- I said the beach probably isn't "worth it" but no question it's fine to go even if "technically" not allowed.

- Texts will work on Verizon. AT&T/T-Mobile/anyone else will say NO SERVICE your whole trip.

- Credit cards: I don't think you got that from my article - I very clearly said no plastic from the US will work at all.

- I actually had the experience of going to a currency exchange in NYC, mentioning Cuba, and having them cancel the transaction and telling me to go elsewhere as they could not "un-hear" what I said and banking regulations forbid it. That's why I shared that - might as well avoid saying anything that will make a hassle for you...

- The last comment is (I think) a bit flippant. The law is the law. You can do what you want but it's a bit reckless (IMHO) to imply to others they should ignore the law. The law, as it stands now, says the trip has to be for one of the 12 accepted categories of travel and, if you self-certify, you must keep a record of what you did for 5 years. For all you know, relations between the two countries could sour again and a different climate has different blow back for those who went "illegally." I certainly don't expect that, but I wouldn't be giving other people advice to ignore the law.

Last edited by MilesTalk; May 3, 16 at 4:04 pm
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Old May 3, 16, 5:05 pm
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I don't think there are any remaining legal impediments to U.S. credit cards being accepted in Cuba. From my understanding, those impediments have now been lifted. The reason U.S. cards don't work appears to largely be a result of implementation issues. I agree with the basic premise that U.S. travelers should not expect their credit cards to work at the moment.

The issue of nomenclature is something I think is quite funny. Some people seem to think that U.S. travelers who say "I went to Cuba as a tourist" are misspeaking, because if they went legally they would have gone under one of the authorized categories. I'm thinking of the issue more generically -- the way one would describe the trip in nonbureaucrat-speak -- as an ordinary traveler. Those of us who want to travel as tourists to Cuba need to jump through some hoops -- yes -- but we don't need to let the U.S. government tell us how to think. That's what I object to. There's no need to be such slaves of irrational policies.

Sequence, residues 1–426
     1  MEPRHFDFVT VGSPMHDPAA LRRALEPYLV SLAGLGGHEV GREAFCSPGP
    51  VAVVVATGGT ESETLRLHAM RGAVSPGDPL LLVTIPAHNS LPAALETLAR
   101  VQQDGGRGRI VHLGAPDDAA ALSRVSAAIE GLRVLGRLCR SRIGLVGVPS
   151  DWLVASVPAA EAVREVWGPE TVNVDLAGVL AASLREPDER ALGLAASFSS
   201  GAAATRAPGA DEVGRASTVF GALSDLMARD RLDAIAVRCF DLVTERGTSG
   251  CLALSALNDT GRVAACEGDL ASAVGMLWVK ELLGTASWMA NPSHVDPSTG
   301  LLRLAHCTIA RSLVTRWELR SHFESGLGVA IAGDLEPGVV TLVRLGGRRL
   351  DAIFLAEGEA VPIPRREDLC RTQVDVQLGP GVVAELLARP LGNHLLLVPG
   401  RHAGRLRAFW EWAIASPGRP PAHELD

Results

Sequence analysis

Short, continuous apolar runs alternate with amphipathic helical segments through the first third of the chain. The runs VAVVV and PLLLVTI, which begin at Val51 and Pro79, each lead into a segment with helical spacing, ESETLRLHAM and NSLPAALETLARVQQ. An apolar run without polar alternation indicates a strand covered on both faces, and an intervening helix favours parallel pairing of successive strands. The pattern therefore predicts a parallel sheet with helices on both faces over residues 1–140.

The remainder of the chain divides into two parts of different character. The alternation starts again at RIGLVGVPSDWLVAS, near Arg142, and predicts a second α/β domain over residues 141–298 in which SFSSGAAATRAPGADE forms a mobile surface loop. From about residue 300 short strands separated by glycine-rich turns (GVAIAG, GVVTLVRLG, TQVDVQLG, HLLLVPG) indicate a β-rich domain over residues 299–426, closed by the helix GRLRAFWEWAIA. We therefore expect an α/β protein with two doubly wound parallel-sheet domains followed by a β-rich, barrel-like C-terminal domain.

In any case, the first reports of the initial Miami-Havana cruise ship on May 2, 2016 suggest that travelers roamed through historic Havana at leisure with virtually no participation by anyone in so-called people-to-people exchanges.
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Old May 9, 16, 12:57 pm
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Lightbulb Wi-Fi Calling

Originally Posted by daveland View Post
- Texts will work on Verizon. AT&T/T-Mobile/anyone else will say NO SERVICE your whole trip.
If you have Wi-Fi calling enabled on AT&T/T-Mobile/MetroPCS you might be able to make calls once you are able to jump on the Wi-Fi signal. We had members of our party connect to Wi-Fi and make calls from that. It worked on AT&T. Not sure about other networks since they may not allow international roaming.
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Old May 9, 16, 2:05 pm
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Originally Posted by SBayGirl View Post
If you have Wi-Fi calling enabled on AT&T/T-Mobile/MetroPCS you might be able to make calls once you are able to jump on the Wi-Fi signal. We had members of our party connect to Wi-Fi and make calls from that. It worked on AT&T. Not sure about other networks since they may not allow international roaming.
Sure - but you'd need to be connected to the pay per use national Wifi network which is located almost nowhere and you have to pay for. Were you lucky enough to be staying at a hotel with working Wifi?
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Old May 9, 16, 3:17 pm
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The issue of terminology is a funny one. I agree. If you go on a people-to-people tour, Cuba will still issue you a tarjeta de turismo (tourist card) and consider you to be a tourist, even if our government tells us we can't be one.

Originally Posted by Reindeerflame View Post
(4) Going to the beach: let's not be silly. Going to the beach is not more "touristy" than many other activities, such as eating at a private restaurant (palador) or buffet at an all-inclusive resort, visiting the cathedral, or mailing a postcard. Feel free to go to the beach.
Yeah, but you're not supposed to be staying at that all-inclusive resort either if you want to abide strictly by U.S. law. That's leisure tourism to Cuba and the U.S. doesn't yet permit it.